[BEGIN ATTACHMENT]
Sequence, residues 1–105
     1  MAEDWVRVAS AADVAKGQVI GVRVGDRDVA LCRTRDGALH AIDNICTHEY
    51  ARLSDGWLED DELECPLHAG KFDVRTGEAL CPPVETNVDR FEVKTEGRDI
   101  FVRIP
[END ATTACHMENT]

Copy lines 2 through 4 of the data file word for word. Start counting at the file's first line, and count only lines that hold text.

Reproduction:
     1  MAEDWVRVAS AADVAKGQVI GVRVGDRDVA LCRTRDGALH AIDNICTHEY
    51  ARLSDGWLED DELECPLHAG KFDVRTGEAL CPPVETNVDR FEVKTEGRDI
   101  FVRIP